What's your first thought when someone mentions the global economy? I bet it's something along the lines of, "That's why we've lost all those industrial jobs—the ones that went to Mexico, China, and India."
A lot of Americans blame cheap foreign labor for the perceived decline in our nation's industrial employment base, but there are two things wrong with that picture. First, our industrial ranking is still No. 1; we still produce more goods than any other nation. Secondly, yes, millions of jobs have been outsourced to other countries, but the converse is also true. While numerous companies headquartered in the United States now produce or offer a service in other nations, numerous companies based across the pond produce something or offer services right here in the United States. And those companies are creating jobs for Americans.
The Organization for International Investment (OFII), a Washington, D.C.-based lobbying group representing foreign companies doing business in this country, says that foreign companies employ 5.1 million Americans here in the United States. In California alone, 543,000 people are employed by companies headquartered outside the United States, as are roughly 378,000 in New York, 345,000 in Texas, and well over 200,000 each in Pennsylvania, Illinois, Florida, New Jersey, and Ohio.
And the U.S. Commerce Department says that total foreign direct investment in the United States shot up about 67 percent last year to almost $184 billion, compared with about $110 billion in 2005. OFII president and CEO Todd M. Milan notes that much of this investment came from reinvested earnings. "Money that insourcing companies earned here stayed here— [they're] reinvesting their profits in the United States," he says.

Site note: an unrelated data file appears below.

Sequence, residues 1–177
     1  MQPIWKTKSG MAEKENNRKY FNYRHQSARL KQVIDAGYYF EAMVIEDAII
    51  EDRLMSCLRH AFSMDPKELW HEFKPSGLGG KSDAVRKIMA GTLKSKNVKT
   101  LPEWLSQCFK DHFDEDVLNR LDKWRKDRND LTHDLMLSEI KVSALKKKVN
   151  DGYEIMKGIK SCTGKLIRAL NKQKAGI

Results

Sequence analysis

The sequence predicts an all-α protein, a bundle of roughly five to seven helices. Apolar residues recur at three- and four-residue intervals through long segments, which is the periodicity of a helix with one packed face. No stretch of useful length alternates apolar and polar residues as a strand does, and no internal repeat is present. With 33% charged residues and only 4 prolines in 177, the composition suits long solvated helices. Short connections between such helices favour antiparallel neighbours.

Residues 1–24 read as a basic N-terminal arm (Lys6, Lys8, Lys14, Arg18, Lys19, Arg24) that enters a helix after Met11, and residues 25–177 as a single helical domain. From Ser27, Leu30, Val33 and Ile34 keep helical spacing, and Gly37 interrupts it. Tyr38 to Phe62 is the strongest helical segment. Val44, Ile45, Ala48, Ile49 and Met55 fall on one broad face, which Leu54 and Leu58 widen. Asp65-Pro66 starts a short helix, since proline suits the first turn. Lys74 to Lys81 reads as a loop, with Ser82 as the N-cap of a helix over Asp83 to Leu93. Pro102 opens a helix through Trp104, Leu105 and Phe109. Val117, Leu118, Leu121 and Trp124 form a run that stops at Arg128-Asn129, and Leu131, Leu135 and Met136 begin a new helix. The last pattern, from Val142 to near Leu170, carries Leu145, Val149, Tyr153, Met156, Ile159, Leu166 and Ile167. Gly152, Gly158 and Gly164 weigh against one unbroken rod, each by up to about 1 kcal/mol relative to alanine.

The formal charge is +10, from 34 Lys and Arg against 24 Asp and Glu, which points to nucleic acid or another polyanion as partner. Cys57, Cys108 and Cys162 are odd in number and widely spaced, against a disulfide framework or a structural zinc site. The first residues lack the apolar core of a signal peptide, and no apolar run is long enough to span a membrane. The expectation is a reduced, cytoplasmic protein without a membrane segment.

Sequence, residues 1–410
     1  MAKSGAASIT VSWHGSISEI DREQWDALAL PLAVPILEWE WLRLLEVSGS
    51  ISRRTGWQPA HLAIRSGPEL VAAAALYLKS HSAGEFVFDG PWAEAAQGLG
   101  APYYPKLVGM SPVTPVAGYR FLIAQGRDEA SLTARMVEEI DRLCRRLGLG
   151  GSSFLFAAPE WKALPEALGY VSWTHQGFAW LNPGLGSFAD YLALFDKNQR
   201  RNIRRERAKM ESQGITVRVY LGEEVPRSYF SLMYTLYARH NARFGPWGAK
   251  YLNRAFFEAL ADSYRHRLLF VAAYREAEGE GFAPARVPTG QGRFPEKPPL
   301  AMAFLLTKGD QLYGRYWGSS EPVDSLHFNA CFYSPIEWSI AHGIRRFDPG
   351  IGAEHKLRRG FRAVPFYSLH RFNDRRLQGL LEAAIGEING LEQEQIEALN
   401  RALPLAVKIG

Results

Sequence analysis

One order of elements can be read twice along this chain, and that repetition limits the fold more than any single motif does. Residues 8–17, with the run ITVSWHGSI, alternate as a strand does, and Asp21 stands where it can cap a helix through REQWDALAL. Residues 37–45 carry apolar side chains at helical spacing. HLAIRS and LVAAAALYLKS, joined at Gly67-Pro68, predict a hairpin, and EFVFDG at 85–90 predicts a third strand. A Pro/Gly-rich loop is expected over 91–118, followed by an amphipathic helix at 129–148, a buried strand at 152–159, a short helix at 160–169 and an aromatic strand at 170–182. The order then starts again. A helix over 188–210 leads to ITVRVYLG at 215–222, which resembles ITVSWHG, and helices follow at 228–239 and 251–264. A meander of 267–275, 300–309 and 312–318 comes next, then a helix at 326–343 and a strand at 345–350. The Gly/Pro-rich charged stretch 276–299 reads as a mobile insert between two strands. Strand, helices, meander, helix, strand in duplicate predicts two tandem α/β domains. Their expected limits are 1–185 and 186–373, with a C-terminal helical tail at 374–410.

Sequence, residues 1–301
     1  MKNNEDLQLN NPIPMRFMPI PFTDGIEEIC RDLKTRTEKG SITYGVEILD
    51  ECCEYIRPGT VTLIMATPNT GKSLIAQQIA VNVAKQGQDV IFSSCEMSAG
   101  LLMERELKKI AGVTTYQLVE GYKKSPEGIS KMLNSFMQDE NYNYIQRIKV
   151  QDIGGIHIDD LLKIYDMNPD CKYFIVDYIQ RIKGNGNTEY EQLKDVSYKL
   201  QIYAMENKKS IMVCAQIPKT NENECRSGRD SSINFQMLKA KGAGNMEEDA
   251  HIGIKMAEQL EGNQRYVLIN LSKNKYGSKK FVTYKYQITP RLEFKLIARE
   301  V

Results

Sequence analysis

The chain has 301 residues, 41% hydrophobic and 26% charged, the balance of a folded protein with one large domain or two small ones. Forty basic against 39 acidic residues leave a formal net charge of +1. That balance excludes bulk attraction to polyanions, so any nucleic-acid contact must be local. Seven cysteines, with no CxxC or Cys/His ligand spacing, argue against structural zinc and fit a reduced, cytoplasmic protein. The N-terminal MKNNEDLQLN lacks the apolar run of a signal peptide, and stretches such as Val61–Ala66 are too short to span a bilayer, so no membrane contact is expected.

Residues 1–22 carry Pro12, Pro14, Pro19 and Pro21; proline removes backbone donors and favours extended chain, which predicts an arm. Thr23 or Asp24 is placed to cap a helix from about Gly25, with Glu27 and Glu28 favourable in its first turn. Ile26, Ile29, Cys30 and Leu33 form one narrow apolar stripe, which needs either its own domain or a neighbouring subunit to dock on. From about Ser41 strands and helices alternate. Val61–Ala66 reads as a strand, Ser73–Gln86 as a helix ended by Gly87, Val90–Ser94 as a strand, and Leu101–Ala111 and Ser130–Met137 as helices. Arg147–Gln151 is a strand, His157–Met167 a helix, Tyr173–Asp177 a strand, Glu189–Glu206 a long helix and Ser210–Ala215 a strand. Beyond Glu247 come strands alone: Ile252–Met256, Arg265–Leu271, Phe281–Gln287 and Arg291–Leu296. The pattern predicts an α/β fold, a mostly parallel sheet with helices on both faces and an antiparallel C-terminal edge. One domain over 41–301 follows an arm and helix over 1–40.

Though some have pointed to the rising foreign investment in this country as cause for alarm, that's a misguided response, says OFII's senior vice president, Nancy McLernon. "You simply can't put a flag on companies anymore," she says. "The United States should be measured by its attractiveness in terms of doing business here for all companies, foreign-owned and domestic."
So, there have been jobs lost to other economies, millions of them. However, many of those jobs are low-skilled positions. Meanwhile, American businesses have been adding layers of sophisticated automation to their operations—a move that leads to the displacement of some workers but also raises the skill levels of millions of others.
As the OFII points out, there's a terrific economic balancing going on in terms of employment and investment right here in the United States. Hundreds of foreign companies are building and modernizing plants and hiring millions of American workers.
While outsourcing may get the headlines, insourcing continues to bring new employment opportunities to the domestic economy. And I have yet to hear a good argument against that. Who cares what flag the headquarters flies? If it's made here, it contributes to the GDP. Taken together, these developments in terms of insourcing, outsourcing, and investments in new technology are a pretty good indicator that our economy is adjusting to globalization quite nicely. Sounds like America is still a super-success story to me.